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I probably won't be able to stomach selling the boat. If I do, my wife may not let me get another one. My advice to anyone who wants a boat is to get one BEFORE you get married. I did. That way it's like a grandfather clause. They will always complain about it but won't MAKE you sell it. And if you want a different one, don't let them talk you into selling the one you have first. I am on my third since we got married and I always get the new one first.
 

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Here is what sealed the deal for me. If you read reviews (like KFS) and paddle both boats (Prowler 15 and T 140) then there are small things that you may not like about the footwells that you may not like on the Prowler 15. No complaints about the 140 in that area in both my opinion and all the reviews I have read. Also, the T 140 is still capable of being transported in a 6 1/2 foot truck bed and being legal with a flag attached to it. By going up to the 15 you really need to get a rack or carry it on the roof. I like the convenience of being able to haul my yak fully rigged, drag it out of the back, sit down and go fishing. The Prowler is also only marginally faster than the 140 and more likely to require a rudder. Don't get me wrong, the Prowler 15 is and awesome boat and if the footwell issue didn't exist I would have given it more serious consideration.
CPR,
Chad
 

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Discussion Starter #9
More good insight.

I really like the idea of not needing a rack. Like you said there is nothing better then having the kayak set up and in the back of your truck ready to be pulled out. And I understand the foot well issue....it has to be the most complained about feature of the OK's, however my Pungo's foot pegs get crapped up all the time.
 

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Goby, I'll toss a match on the gasoline and say go paddle a Hobie Quest before getting a P13, P15 or T140. I paddled them all today in Farmville at the Appomatox River Co demo on a lake there, and the Quest was my favorite.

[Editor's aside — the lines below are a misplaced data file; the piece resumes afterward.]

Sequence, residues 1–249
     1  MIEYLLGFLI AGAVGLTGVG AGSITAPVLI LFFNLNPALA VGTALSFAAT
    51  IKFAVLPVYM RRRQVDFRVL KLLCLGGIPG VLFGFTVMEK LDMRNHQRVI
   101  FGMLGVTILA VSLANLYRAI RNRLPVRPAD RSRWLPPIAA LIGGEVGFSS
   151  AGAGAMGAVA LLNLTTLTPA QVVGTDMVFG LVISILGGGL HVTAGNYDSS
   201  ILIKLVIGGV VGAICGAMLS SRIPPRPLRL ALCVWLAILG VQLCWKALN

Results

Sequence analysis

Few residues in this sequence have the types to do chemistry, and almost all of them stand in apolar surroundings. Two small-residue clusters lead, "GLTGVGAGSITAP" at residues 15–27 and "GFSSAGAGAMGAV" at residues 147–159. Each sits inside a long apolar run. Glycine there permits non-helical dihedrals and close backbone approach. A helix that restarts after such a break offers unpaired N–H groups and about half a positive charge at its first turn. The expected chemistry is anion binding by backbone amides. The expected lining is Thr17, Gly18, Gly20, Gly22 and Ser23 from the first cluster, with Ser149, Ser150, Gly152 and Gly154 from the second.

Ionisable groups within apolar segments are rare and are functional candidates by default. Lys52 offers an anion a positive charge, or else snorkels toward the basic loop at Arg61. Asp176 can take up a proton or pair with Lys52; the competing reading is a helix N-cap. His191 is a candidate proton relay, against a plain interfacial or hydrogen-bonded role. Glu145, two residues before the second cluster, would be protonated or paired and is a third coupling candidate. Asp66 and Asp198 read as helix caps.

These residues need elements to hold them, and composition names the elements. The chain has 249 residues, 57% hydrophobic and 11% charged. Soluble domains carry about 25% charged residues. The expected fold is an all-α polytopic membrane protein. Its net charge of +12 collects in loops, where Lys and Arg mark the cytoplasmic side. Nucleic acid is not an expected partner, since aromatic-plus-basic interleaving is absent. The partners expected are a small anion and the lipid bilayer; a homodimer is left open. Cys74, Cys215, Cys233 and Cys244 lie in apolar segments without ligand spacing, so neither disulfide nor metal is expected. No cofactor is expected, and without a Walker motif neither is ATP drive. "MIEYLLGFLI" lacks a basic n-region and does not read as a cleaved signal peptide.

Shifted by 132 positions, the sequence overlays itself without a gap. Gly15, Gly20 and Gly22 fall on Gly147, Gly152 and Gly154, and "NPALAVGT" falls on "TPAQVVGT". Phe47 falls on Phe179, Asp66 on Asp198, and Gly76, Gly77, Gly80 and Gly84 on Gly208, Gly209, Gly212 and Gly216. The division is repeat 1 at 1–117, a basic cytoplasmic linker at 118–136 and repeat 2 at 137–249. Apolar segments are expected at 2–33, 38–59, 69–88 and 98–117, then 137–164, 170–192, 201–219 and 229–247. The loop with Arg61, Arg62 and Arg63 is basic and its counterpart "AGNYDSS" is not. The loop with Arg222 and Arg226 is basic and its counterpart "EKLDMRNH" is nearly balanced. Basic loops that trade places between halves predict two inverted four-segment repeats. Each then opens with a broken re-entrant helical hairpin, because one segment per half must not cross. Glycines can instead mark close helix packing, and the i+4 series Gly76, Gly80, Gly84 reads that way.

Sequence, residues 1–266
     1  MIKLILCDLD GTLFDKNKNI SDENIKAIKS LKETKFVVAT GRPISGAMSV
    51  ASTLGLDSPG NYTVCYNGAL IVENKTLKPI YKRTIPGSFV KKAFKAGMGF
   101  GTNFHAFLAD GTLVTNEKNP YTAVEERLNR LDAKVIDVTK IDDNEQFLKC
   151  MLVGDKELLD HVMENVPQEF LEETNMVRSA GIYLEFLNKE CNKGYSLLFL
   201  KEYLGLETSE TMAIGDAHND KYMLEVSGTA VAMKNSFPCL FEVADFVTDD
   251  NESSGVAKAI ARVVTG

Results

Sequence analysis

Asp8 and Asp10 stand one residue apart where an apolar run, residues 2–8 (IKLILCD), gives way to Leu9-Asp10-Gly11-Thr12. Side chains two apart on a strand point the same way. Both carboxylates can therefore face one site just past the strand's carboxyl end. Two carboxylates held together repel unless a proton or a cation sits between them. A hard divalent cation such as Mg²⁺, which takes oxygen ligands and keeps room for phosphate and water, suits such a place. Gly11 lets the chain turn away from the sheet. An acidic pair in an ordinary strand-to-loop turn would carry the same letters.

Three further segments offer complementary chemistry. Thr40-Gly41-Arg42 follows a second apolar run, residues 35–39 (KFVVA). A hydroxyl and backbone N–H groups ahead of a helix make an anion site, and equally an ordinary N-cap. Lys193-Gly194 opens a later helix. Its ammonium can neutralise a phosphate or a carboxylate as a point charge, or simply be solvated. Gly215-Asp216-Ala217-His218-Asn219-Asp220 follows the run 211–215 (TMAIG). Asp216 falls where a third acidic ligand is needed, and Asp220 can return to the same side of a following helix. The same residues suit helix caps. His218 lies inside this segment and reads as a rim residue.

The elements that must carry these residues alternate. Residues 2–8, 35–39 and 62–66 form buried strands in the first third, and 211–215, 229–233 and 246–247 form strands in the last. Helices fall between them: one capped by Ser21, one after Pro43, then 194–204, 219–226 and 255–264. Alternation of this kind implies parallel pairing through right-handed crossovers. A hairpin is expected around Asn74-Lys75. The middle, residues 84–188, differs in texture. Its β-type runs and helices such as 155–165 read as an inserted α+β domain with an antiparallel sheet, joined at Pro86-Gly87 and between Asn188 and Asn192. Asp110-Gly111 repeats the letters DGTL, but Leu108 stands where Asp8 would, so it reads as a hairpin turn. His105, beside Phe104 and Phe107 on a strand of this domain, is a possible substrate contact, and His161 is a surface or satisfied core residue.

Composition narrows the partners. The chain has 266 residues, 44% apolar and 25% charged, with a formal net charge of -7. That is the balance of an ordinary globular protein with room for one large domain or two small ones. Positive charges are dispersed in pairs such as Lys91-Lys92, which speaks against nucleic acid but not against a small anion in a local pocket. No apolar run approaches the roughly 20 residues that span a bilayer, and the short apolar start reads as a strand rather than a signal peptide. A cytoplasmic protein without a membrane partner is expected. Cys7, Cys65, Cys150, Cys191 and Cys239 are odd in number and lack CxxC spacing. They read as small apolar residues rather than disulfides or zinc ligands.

Each of the boats ya'll are talkin about have detractions, and try as I might I could not find one on the Quest, other than length. Guys say the rear facing rod holders are too loose but a PVC insert fixes that. I want a 12 foot version for my river smallie chasing, not a 13 foot whale. The Hobie rep took note, but said a longer version is due out next. I did find the cockpit area on the Quest was just big enough for me, but I am a wide load at 5'10 and 250lb with a large butt and big thighs. It was a perfect fit, but noticably less wiggle room than in my Caper. No surprise as the Drifter & Caper are boats for big butts.

The Quest was fast enough for me, though I didn't race anyone to test it out. It was so stable I could open the front hatch on the water, stick my head down inside the hull and look back up to the stern. Did it twice and the boat didn't even bob or wiggle. Not to mention opening and closing the Quest hatch was child's play compared to the others. Heck the P13 is hard to open on dry land.

Don't overlook this new offering from Hobie. It's got lots of potential. Nice features, and a much drier ride for me than the P13, which surprised me.
 

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Bassman,
You are right about the Quest. It looks good on the showroom floor and the demo paddle is great. However, I just don't know enough about it or know anyone who does that has put it through the ringer yet in the fishing environment (different story) and brought up anything that may be considered a detractor. I think the front hatch idea is cool but really believe that after it gets worn in it will leak very badly on rough days and surf launches. I also can remember the last time I needed something form the hatch and had to get it on the water, if so it would have been in my crate. Time will tell how it falls out with the other fishing machines. I also think it has a very shallow side wall that will result in a wetter ride when you are paddling in any water with chop on it at all.
Chad